Remdesivir is the only antiviral drug that is currently under evaluation for its possible usage against COVID-19. However, its efficacy has not been proved.
Masks are considered to be the main measure to control the transmission of the virus as they reduce any potential risk of infection from symptomatic and asymptomatic patients. The usage of masks is effective when combined with practices such as social distancing and frequent washing of hands.
All viruses mutate and so does COVID-19. The antibodies which are produced by our immune system can help protect us for 3 to 5 months; however, there are cases where patients are getting re-infected with a different strain of the same virus. It has been observed, though, that reinfection cases are usually much milder.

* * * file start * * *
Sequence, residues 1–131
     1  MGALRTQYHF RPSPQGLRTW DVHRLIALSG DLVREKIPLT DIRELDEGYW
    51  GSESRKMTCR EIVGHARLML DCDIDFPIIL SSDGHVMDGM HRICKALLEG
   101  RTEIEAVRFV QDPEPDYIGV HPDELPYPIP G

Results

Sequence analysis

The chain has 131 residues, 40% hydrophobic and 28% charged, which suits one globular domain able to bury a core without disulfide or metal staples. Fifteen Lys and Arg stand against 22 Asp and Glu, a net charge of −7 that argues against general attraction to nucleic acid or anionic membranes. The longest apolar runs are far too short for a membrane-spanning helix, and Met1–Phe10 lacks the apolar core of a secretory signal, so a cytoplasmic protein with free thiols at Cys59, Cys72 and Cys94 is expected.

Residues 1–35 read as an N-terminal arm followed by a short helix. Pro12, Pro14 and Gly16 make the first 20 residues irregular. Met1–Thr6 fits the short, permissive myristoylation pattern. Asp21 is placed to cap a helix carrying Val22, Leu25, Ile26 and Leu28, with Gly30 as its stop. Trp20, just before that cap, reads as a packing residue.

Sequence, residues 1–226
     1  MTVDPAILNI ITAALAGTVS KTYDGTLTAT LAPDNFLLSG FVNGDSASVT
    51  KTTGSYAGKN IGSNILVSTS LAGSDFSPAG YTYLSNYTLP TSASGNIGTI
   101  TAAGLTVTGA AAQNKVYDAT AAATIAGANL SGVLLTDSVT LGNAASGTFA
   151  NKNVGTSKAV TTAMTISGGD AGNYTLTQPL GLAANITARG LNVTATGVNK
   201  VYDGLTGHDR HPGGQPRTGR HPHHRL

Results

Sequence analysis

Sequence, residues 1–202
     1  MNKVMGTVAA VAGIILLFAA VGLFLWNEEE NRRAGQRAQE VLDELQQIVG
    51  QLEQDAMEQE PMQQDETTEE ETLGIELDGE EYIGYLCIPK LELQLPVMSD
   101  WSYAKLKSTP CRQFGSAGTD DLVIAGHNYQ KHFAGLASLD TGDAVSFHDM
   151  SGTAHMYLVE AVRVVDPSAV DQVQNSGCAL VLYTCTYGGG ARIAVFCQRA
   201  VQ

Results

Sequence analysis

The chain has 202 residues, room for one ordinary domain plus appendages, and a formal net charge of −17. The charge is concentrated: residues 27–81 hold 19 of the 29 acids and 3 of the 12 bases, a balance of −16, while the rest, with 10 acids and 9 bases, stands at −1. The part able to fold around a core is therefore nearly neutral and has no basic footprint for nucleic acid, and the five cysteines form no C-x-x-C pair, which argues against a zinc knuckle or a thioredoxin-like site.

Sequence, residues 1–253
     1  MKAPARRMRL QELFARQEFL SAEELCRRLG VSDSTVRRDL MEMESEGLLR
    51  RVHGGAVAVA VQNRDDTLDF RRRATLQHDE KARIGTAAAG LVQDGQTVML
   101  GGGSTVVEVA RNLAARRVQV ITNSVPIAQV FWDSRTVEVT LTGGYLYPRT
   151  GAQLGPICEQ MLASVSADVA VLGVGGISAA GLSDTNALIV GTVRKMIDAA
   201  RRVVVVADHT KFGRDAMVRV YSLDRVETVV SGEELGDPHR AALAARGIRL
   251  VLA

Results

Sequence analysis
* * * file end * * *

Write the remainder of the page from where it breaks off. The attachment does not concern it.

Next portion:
Even patients who recover can continue to have the virus strain in their upper respiratory system for about 12 weeks and shed detectable SARS-CoV-2 RNA during that time period. However, there are no studies/cases to prove that prolonged shedding of the virus strain has resulted in the transmission of the virus to others.
Approximately 1 in every five infected patients exhibit stronger symptoms requiring hospital care. About 15% become seriously ill and require oxygen. Approximately 5% may become critically ill and need to be in the intensive care unit. 80% of people who contract the virus recover at home.
Start by isolating yourself at home, and informing everyone that you may have come into contact with in the past 2 days of your positive test since they may want to get tested as well. Reach out to your medical care provider to understand your test results and any subscribed treatment plan.
COVID-19 is primarily a virus that strikes the lungs; however, it has been seen to damage several other organs as well. Even post complete recovery, imaging tests have shown, in some cases, prolonged damage to the heart and other organs. While this is still under clinical evaluation, do follow all precautions and consult your medical care provider for any concerns.